Accusations of desertion and bigamy, conspiracy and fraud, perjury, interests in seven mines in Butte and the lot holding the city hall, and 160 acres in Santa Clara County, California. And that was mostly after Rolla Butcher died.
Rolla Butcher was born about 1825 in what is now West Virginia. He worked as a cabinet maker, surveyor, and merchant and married Eleanor McCune, six years his senior, in 1846. They had six children, but only John and Webster survived infancy. In the late 1850s, Rolla abandoned his family in Virginia and joined a wagon train to California.
Census records show that Rolla knocked around the west for decades, in the gold fields of California in 1860, in northern Utah in 1870, and in Walkerville, Montana, in 1880. Through all those decades, he was accompanied by his wife Emma – not Eleanor – and three or four daughters.
Rolla was in Butte by 1875, when on Jan. 2, he registered a claim for the Alice Lode in Walkerville. He sold a third of the interest to Frank Ramsdell in May, who sold it to bankers William Clark and Samuel Larabie for $600 by the end of 1875. The following year, Rolla and Emma sold their remaining two-thirds interest in the Alice for $3,000 to Joseph Walker, one of the Walker brothers for whom the town is named. Ultimately, the Walkers brought Marcus Daly to Montana to develop what became one of the richest silver lodes in the district, producing some $4 million in silver bullion in the seven years after Rolla sold it.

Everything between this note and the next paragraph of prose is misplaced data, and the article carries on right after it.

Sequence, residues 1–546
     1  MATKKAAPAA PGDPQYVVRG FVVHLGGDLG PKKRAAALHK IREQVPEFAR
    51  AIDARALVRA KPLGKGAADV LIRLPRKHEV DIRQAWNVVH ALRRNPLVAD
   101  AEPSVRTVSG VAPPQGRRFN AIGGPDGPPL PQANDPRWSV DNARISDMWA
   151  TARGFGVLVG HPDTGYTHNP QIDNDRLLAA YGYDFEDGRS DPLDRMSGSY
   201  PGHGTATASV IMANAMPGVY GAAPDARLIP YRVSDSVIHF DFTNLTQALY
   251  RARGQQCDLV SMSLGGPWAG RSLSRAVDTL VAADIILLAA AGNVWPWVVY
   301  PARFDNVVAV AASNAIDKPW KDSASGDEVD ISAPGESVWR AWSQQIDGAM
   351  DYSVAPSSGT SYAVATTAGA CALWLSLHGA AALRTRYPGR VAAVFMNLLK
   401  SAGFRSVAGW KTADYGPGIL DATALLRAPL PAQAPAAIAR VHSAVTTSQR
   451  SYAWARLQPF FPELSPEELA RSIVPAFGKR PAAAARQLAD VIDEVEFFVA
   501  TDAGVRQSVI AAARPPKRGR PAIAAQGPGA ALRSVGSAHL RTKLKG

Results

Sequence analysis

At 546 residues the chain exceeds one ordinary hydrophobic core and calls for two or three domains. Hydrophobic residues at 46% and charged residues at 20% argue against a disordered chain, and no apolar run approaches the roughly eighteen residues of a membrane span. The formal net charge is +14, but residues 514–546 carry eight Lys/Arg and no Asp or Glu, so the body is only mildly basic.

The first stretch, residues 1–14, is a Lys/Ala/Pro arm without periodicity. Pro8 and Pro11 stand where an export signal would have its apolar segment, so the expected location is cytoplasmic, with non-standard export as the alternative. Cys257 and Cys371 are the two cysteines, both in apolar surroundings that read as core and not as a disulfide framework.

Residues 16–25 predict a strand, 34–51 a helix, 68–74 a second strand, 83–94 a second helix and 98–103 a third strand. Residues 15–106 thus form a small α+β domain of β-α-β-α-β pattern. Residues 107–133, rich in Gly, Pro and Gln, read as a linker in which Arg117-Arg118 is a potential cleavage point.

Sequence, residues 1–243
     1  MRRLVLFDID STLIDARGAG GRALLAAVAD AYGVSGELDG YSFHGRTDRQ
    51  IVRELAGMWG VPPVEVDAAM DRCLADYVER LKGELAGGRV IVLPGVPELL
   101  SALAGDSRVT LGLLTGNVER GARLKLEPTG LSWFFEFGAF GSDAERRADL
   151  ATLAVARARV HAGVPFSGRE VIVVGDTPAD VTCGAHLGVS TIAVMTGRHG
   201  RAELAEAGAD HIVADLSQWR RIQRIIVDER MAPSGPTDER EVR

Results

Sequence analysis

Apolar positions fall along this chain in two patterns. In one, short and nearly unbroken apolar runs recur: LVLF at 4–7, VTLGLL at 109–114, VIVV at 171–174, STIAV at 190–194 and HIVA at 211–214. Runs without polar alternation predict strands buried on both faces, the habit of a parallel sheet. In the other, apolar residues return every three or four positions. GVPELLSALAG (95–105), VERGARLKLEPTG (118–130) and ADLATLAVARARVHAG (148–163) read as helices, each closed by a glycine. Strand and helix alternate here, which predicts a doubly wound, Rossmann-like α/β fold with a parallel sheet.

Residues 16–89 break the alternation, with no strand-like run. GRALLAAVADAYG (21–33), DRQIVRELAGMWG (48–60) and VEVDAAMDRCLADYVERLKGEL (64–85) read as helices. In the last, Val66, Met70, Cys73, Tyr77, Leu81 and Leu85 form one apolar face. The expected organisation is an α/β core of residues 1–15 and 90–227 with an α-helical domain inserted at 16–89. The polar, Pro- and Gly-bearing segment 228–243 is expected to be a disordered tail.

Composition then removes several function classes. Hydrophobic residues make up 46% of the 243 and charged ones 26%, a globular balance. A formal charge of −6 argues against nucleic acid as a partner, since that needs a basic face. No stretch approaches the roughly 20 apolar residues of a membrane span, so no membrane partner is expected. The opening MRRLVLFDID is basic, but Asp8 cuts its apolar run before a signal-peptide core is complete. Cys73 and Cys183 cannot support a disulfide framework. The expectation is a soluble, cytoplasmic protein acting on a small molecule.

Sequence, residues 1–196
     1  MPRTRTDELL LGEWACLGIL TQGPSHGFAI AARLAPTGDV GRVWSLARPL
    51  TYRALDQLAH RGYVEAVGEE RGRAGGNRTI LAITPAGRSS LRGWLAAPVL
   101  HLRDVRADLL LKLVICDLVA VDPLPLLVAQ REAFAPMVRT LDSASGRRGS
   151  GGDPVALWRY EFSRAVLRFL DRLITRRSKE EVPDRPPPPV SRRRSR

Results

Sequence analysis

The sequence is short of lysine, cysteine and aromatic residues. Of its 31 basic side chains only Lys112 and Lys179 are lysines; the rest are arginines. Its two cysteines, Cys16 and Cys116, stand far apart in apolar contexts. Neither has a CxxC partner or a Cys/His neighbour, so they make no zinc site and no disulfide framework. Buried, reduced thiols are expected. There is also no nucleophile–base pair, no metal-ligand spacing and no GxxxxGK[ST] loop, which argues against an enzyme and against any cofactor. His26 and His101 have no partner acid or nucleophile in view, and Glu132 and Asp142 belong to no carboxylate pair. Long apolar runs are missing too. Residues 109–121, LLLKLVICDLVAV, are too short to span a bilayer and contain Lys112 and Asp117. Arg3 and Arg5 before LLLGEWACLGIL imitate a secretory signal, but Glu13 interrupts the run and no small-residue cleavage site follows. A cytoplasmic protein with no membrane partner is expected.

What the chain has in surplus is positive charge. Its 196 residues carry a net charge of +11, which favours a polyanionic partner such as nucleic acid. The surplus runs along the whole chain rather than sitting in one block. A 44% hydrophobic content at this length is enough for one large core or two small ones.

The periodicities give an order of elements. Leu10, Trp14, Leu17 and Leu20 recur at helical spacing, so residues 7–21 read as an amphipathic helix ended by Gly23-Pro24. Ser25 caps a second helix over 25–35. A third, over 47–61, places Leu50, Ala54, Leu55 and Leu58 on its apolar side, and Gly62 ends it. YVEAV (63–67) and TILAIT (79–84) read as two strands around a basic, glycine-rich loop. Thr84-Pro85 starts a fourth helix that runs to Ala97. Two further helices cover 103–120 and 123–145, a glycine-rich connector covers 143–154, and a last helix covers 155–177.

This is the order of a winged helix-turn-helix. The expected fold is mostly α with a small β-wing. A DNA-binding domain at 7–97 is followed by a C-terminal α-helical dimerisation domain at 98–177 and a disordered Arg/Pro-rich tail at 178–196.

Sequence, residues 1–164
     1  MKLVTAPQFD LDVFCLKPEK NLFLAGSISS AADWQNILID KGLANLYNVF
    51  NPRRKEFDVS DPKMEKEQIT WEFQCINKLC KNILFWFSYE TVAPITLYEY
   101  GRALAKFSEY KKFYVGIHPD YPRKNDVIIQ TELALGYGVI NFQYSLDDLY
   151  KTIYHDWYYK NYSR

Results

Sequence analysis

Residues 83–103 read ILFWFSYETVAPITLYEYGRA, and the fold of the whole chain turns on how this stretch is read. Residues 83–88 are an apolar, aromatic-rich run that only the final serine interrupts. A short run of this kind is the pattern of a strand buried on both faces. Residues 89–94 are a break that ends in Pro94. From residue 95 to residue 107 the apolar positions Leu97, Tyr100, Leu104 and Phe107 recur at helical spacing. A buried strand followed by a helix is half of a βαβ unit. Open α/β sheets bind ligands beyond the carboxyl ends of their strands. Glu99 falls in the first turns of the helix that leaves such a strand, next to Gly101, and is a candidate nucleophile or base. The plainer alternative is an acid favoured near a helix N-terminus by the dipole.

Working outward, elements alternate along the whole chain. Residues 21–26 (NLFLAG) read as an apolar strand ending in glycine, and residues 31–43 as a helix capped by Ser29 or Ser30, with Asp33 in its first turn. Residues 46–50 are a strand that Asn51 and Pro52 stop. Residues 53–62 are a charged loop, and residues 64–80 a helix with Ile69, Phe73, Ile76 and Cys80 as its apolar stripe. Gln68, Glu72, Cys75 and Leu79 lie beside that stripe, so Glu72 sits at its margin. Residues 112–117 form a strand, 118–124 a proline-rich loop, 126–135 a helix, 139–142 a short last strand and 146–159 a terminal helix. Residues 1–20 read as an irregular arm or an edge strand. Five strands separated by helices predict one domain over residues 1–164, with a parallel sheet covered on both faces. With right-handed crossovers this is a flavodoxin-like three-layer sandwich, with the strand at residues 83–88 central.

Butcher settled a bit north of the Alice in an area that came to be called Butchertown, although whether that was because of him and his family or the establishment of a large slaughterhouse there is not completely clear. The location was just west of today’s Moulton water treatment plant.
He was twice elected a county commissioner (probably for Deer Lodge County, which included Butte and Walkerville until 1881) and invested in additional mines and real estate. In late 1881, the Butcher family moved to Santa Clara County, California, where he acquired a 160-acre ranch. And then on Jan. 13, 1882, Rolla Butcher died, intestate, but with an estate valued at perhaps $100,000, including $25,000 in cash he’d received for the Star West Mine, east of Missoula Gulch and south of the Travona, about where the Interstate goes through today. He also had interests in the Poser, Mountain Con, Great Republic, Burnett, Andy Johnson, Bonanza, and Kit Carson claims as well as “the lot upon which the city hall now stands” (in 1894, that is, the old city hall on Broadway Street).
Following Butcher’s death, his widow Eleanor and sons promptly arrived from West Virginia with “indisputable” evidence that Rolla and Eleanor’s marriage had never been dissolved. A new face also appeared, one Charles Archbold, claiming to be a mining partner with Rolla. The eastern heirs ultimately alleged Archbold and the second Mrs. Butcher (Emma) to have engaged in a conspiracy to defraud the rightful heirs of Rolla’s fortune. The ensuing legal proceedings played out in Superior Court in San Jose, California.
The case in the summer of 1884 pitted the eastern Butchers (Eleanor) as plaintiffs against the western heirs (Emma). While it seemed that there was abundant evidence for bigamy and the other allegations, a technicality required Eleanor and her sons to file amendments to the case, and after multiple extensions, Eleanor and her lawyers had done nothing. On Sept. 5, 1884, as reported on page three of the San Francisco Chronicle, the case was dismissed in favor of the defendants. Eleanor and her only surviving son, Webster, got nothing.
Thanks to Mary McCormick for much of the research on which this article is based.